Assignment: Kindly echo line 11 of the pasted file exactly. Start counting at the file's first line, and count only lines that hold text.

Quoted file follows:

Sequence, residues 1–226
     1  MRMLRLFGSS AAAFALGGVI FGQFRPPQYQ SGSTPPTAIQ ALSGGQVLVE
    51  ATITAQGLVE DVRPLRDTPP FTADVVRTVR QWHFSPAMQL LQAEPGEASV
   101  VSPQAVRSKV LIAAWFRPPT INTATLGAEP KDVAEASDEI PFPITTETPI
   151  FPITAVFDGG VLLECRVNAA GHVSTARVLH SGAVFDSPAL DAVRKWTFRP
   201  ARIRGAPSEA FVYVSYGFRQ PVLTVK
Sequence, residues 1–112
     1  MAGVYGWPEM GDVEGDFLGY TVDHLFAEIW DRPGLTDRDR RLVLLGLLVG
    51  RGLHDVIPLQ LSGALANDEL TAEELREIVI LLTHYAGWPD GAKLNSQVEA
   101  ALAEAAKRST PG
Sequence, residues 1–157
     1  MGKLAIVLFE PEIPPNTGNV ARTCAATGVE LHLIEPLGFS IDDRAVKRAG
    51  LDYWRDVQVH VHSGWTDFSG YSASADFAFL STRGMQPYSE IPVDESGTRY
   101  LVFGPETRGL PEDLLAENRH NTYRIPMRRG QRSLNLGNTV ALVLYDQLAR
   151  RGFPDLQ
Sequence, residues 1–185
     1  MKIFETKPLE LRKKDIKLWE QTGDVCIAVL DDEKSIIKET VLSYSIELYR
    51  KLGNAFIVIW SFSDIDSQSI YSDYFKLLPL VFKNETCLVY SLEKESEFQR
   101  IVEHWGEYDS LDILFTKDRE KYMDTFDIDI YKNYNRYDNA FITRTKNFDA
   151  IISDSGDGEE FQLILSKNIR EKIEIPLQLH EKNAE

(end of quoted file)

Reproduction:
Sequence, residues 1–157